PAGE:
If I could draw anything better than poorly drawn stick figures, this would be a perfect chance to poke fun at and caricaturize various figures in the running community. The grizzled veteran. The apostle. The elite. The born again. The totally into it. The gear head. The race director. The social butterfly. The young blood. They might be funny, and true. But each of these people has a place in the running world. It is what can make a collection of runners so rich, and invigorating to be a part of.
I’ve been lucky to have been a small part of the running community in my town for a number of years. First as a prep runner. Then a decent age grouper. Later on as a coach. Most recently with our local running club and a regional team. It took time. But I (we as a city) are incredibly fortunate in the range and quality of people who are regularly around to train, race, and volunteer.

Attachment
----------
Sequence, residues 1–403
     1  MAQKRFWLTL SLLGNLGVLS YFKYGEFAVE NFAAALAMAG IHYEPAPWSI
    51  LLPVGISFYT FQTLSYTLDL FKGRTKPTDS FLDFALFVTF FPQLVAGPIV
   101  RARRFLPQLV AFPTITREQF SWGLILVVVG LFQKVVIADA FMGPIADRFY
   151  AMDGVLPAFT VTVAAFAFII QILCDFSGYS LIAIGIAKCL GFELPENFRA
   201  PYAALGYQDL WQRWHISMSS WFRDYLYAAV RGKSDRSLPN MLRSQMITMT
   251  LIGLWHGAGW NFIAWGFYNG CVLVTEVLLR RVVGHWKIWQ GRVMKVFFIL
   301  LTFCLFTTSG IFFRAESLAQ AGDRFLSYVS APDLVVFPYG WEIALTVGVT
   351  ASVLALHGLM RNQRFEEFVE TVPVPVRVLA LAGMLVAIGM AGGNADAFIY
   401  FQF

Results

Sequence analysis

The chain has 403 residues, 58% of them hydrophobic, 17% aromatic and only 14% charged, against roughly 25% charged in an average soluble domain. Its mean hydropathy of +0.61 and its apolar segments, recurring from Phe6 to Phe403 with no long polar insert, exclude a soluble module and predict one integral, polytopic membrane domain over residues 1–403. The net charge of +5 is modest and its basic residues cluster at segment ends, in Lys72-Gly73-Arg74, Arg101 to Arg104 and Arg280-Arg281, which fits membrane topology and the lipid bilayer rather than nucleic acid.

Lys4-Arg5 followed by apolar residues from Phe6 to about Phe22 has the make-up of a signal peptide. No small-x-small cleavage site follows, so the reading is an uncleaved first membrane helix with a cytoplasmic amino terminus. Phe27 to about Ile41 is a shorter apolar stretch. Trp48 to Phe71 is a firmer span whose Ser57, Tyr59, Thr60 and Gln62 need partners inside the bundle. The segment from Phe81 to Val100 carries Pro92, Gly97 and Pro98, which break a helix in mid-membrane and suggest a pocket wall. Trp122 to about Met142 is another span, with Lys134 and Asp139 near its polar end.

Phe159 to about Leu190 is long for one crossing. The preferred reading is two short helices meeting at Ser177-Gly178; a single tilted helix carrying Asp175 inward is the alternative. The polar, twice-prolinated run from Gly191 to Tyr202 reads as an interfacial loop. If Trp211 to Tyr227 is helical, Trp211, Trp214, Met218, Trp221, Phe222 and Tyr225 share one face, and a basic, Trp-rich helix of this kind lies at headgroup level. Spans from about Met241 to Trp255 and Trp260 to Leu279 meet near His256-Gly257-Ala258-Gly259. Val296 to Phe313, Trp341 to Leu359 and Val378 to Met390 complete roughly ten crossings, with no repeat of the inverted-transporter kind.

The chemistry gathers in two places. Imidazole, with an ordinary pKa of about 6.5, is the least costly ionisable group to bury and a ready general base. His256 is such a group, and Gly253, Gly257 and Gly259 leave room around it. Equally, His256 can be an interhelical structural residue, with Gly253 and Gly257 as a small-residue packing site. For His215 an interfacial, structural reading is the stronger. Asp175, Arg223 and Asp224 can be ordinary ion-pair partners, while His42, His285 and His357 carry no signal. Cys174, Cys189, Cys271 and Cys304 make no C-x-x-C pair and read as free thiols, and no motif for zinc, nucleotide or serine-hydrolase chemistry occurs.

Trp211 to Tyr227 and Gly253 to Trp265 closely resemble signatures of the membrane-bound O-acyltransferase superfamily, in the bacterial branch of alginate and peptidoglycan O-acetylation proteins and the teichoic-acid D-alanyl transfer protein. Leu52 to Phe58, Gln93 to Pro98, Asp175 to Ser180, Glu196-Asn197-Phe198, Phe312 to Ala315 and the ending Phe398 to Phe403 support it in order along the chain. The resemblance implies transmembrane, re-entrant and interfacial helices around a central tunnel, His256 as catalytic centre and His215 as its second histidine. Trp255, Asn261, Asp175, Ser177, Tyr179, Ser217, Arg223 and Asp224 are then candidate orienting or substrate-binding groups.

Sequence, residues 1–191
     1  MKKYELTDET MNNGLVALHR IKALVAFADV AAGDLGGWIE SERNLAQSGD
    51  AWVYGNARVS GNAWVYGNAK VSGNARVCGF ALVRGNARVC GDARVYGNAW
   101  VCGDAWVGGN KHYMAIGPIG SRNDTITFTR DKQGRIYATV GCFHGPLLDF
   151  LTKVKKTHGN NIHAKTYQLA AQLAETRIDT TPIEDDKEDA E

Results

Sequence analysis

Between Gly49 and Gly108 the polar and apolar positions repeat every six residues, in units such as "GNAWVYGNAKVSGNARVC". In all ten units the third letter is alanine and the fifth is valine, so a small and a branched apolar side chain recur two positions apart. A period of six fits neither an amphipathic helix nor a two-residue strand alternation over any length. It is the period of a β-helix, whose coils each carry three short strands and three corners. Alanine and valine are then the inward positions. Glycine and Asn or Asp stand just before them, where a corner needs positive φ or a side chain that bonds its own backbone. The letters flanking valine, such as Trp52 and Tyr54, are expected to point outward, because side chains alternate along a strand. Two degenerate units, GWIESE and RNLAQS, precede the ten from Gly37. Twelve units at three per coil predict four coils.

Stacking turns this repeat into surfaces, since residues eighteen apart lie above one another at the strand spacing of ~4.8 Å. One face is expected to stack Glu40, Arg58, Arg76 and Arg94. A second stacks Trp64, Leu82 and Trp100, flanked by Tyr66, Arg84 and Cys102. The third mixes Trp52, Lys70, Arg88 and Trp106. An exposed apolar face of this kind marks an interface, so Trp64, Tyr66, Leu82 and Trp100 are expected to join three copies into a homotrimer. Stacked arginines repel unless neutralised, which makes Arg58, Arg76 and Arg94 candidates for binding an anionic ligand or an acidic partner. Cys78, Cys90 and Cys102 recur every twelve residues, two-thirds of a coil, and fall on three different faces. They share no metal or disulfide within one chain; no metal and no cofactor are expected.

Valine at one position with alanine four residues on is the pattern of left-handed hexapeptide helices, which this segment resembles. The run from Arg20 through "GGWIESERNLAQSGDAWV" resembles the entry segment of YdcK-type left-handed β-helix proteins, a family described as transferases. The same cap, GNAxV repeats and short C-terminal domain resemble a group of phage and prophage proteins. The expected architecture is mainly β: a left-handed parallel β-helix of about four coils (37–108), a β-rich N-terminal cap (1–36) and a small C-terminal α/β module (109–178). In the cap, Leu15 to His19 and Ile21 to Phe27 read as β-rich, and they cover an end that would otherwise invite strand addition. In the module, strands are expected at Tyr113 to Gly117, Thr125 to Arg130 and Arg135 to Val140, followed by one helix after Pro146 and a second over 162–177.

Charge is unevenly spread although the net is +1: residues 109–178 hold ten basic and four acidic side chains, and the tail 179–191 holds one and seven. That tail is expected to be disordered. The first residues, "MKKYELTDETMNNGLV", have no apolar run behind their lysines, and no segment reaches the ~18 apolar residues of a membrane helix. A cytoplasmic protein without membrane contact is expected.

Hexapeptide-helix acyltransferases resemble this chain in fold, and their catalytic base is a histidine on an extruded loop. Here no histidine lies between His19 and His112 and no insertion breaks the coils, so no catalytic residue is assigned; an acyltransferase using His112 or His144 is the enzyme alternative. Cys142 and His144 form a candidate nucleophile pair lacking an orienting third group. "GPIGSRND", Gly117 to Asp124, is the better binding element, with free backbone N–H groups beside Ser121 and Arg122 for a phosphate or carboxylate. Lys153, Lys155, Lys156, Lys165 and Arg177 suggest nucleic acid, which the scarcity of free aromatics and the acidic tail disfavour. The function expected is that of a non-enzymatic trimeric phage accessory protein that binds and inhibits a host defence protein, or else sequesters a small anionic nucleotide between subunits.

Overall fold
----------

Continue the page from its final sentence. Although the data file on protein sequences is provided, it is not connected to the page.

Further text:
I was reminded once again of how big an impact the community around you can have. The high school team I help coach is made up of an incredibly wide range of kids. One of our new guys this year is from Iraq. Been in America four years. His training shoes were crap. Usually we can rummage enough from our closets to help a kid out, but this time we came up empty. When I got home one evening I started texting friends just looking for a lightly used pair of trainers. By the time I got to the bottom of my contact list, those people had already heard that I was asking around. Not only did I have a bag of shoes on my porch the NEXT morning, I had multiple offers to straight up buy him a pair. Incredible. Every person should be so lucky to be part of something like that.
Communities take on all shapes. Churchs and clubs and neighborhoods and volunteer groups. In running it might be Strava or November Project or a competitive team or the Sunday morning long run group. The beauty is that once you are in, you are in. That community is always there for you. Maybe that makes those lonely moments a little less lonely.